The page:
It’s been a tough week in terms of losing visionary leaders. First, the once-in-5-generations Steve Jobs passed away. His example as a leader, game-changer, and absolute militant for design and creation has impacted billions of human lives.
But today, Ben Horowitz from Andreessen Horowitz has a great post about running a startup in the face of truly unpredictable adversities. He recounts a story about Bill Parcells seeking council from his mentor Al Davis. Parcells had called Al Davis to get advice during a season in which so many of the players on his NY Giants squad were out with injuries. Davis told Parcells, ““Bill, nobody cares, just coach your team.” Al Davis passed away today, and his impact and advice lives on.
In a guest post on Techcrunch, Mark Suster reviews a new book by Brad Feld and Jason Mendelson called Venture Deals: Be Smarter Than Your Lawyer and Venture Capitalist. This book exists to minimize the imbalance of information / experience between venture capitalists (who invest for a living and look at hundreds or thousands of deals per year) and entrepreneurs (who have perhaps been through a handfull of financings at best). Truly the best vc’s are the ones who earn the trust of entrepreneurs as partners, and having an even playing field in terms of information going into a deal is a great way to start a relationship off the right way. I applaud this book, and this article is an excellent summary of “why it matters”.
Dave Balter is one of the nice & cool CEOs on the startup scene in Boston. I have known him for a while because our firms are both backed by General Catalyst Partners.
I respect Dave a lot for how he thinks and how he treats people. In this awesome article he wrote for INC, Dave talks about how he got cocky as a CEO enjoying high growth and success. He discusses how his company may have failed if he did not correct his attitude and become more humble.
I think this advice is incredibly applicable to CEOs and to high performing people across the experience spectrum. The willingness to learn, be coachable, optimistic, and work with a team toward a bigger goal are key characteristics of anyone who wants to grow, progress, and innovate.
And big ups to Dave for the sale of his company!
Rob Go is one of the founders of NextView Ventures – a new seed stage “micro-vc” fund in Boston/Cambridge. His partners are Lee Hower and David Beisel. Talk about a small world: Dave and I actually went to the same high school outside of Pittsburgh PA. Anyway, I’m honored to be an advisor to NextView and I think these guys are absolutely fantastic for the startup community around here.
Here is a talk that Rob gave recently about identifying great founders of startups:
Had fun in my first national tv appearance, albeit brief. Julia was awesome and so well versed!!!
They first showed many stats (all from Visible Measures!) about viral video (essentially marketers creating video content to be viewed and passed along online). Then we talked a little about how brands are utilizing this emerging ad medium (viral video / social video is THE fastest growing ad segment period).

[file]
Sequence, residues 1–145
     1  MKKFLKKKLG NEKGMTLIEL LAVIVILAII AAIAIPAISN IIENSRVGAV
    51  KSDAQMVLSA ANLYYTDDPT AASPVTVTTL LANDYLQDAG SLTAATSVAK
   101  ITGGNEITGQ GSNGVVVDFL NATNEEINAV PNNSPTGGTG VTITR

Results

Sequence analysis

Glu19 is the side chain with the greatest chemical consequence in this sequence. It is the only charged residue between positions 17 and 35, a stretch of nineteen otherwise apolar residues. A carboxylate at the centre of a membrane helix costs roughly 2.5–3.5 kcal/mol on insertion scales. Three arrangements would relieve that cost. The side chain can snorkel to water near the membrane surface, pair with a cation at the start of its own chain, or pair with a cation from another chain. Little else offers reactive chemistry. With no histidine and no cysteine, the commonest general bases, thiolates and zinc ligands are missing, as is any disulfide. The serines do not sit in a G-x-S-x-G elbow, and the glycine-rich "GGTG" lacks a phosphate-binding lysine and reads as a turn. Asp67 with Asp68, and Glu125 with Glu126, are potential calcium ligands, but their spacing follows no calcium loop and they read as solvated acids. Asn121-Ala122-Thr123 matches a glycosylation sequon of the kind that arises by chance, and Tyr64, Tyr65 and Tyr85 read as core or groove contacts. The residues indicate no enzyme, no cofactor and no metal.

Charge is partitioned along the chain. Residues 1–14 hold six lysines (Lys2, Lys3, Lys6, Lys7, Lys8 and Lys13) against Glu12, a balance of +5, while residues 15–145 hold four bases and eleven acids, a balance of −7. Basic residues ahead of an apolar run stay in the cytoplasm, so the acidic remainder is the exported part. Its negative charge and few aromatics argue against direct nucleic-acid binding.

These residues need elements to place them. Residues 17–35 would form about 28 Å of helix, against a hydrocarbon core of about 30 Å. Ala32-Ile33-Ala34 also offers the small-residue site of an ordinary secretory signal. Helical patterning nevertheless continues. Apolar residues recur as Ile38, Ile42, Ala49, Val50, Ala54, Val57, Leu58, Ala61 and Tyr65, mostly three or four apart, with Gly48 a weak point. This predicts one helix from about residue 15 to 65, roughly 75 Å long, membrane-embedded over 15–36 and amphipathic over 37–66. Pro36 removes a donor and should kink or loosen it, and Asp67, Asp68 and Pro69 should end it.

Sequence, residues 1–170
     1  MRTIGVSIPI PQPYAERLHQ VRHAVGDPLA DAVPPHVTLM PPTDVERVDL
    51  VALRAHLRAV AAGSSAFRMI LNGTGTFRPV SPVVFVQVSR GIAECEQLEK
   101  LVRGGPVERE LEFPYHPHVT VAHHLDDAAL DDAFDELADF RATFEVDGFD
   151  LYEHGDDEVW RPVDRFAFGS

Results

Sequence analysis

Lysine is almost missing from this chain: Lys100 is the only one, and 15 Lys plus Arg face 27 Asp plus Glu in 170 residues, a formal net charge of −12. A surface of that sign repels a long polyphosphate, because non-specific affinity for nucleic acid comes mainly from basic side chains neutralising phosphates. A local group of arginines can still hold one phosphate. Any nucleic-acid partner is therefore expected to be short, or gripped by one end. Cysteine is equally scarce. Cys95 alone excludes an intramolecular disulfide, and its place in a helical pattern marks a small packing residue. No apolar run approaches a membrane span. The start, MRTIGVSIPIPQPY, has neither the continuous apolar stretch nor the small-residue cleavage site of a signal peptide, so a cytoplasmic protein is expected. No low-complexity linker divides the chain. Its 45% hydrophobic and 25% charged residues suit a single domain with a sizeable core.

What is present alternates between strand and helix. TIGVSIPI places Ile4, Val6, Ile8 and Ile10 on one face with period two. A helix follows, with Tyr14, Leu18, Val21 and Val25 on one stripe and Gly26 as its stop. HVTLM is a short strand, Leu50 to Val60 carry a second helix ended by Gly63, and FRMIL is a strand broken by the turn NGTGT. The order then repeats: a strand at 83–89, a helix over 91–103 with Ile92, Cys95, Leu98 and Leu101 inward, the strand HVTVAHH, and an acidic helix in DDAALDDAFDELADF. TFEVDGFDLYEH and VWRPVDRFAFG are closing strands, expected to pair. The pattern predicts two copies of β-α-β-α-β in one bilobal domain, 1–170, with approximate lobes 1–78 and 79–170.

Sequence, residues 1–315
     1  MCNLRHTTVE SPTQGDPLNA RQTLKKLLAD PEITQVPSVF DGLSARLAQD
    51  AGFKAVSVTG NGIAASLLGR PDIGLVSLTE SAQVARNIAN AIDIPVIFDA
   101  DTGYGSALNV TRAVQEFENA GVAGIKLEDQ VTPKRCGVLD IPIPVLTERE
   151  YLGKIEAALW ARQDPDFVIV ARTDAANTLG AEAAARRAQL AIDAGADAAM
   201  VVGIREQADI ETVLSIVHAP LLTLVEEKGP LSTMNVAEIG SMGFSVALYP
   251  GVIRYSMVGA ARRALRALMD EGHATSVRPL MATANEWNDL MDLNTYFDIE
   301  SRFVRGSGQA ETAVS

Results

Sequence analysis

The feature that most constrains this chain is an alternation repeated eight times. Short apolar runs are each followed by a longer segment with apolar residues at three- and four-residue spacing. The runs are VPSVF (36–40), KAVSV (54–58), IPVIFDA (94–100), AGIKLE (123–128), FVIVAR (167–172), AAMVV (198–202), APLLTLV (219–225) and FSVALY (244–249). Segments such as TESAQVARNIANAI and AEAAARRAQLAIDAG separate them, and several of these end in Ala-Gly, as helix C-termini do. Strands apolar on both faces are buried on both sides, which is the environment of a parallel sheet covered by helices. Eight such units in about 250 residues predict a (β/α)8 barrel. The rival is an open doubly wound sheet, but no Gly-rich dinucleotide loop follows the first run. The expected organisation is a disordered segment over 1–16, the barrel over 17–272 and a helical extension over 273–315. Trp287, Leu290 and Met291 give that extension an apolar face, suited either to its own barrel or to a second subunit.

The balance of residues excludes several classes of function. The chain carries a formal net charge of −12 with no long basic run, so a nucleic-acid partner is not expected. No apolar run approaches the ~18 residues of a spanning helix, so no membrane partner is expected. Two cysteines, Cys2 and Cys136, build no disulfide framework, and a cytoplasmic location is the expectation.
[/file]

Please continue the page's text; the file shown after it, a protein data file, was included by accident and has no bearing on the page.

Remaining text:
The Shift to Consumer Control:
In case you are not familar with Visible Measures, we are a video analytics and advertising technology company. We measure the entire world of video and try to help publishers and advertisers maximize their impact in it. The big shift that is happening across all media is that consumers are in control – they can choose to watch whatever they want, whenever, and on whatever device.
This shift in power to the consumer can be unsettling to brands. The traditional model with broadcast media enables a brand to get more “airtime” if they spend more. But with consumers in control to choose, they will naturally gravitate to the highest quality or most “viewable” content. With Viewable Media, our newly announced video ad network, we utilize our world of video data to help brands get chosen more often. When consumers choose to watch branded content, EVERYONE wins. Consumers get more engaging experiences, brands get 100’s of % points higher brand recall, and publishers end up making more money – which can hopefully enable internet video to remain mostly free.
CNBC is running a weeklong series talking about the “future of advertising” – this week happens to also be the height of the advertising upfront season.I had a chance today to be interviewed by Julia Boorstin on CNBC’s Street Signs to talk about “viral video” and what it takes for brands to get onto the Ad Age / Visible Measures Viral Ad Chart each week. Here is a photo of the folks at our Boston HQ watching me on the tube. So great to feel their support! These guys are the driving force of the company and I am so humbled to work with them!
The segment was cut short because Jim Cramer showed up (he has so much energy!) but it was an honor to be asked to represent Visible Measures and the broader video sector.
Andy Ory is an amazing guy. He is incredibly humble, super smart, and happens to have founded and led 2 startups to major success. His company Acme Packet was the best performing stock of 2010 as designated by Forbes. He also believes that Boston has its own “startup mafia” ala Paypal – out of the original Boston Technologies – which has spawned many successful companies including Priority Call, Cha Cha, Art Technology Group, and Acme Packet. I have been lucky to get to know Andy as a part of the work that we have done together with the Mass Technology Collaborative and with 12×12. Here is the full write up I did on Andy for Mass High Tech.
Andy believes that the true measure of startup success is how many other companies a startup spawns. So driven yet so humble. Andy is a true example that entrepreneurs everywhere can emulate and look up to. Andy rocks!!!